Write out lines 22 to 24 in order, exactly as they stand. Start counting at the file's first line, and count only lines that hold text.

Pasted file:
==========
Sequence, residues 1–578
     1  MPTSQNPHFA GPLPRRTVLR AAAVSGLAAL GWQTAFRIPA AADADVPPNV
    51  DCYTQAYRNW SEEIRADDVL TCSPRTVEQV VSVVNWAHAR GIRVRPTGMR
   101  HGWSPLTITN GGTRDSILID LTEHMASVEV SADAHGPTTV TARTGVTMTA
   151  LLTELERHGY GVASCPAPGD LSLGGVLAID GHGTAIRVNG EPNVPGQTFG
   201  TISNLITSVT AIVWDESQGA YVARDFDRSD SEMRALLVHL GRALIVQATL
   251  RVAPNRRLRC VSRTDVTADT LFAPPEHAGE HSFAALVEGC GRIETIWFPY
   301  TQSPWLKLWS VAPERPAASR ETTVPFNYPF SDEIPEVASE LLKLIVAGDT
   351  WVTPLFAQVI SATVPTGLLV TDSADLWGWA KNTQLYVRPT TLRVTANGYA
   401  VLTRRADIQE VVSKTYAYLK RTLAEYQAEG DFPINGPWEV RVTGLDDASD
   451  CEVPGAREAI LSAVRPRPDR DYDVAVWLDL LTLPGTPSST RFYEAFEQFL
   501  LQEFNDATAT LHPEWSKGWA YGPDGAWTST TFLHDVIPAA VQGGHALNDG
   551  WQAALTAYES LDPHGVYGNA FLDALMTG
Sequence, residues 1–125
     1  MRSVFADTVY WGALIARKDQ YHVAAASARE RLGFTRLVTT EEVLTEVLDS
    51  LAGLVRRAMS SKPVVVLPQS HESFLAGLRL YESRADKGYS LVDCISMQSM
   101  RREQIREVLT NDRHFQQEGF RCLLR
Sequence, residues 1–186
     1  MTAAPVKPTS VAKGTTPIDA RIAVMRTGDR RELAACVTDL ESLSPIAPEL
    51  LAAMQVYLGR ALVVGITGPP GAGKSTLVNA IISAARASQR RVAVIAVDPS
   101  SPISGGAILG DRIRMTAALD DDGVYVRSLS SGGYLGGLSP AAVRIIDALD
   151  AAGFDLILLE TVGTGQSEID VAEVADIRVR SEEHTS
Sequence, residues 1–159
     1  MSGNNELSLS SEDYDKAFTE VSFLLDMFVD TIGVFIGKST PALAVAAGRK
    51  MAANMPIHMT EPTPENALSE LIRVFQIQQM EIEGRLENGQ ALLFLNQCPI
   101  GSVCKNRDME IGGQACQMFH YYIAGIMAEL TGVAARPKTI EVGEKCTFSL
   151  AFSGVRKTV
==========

   151  AAGFDLILLE TVGTGQSEID VAEVADIRVR SEEHTS
Sequence, residues 1–159
     1  MSGNNELSLS SEDYDKAFTE VSFLLDMFVD TIGVFIGKST PALAVAAGRK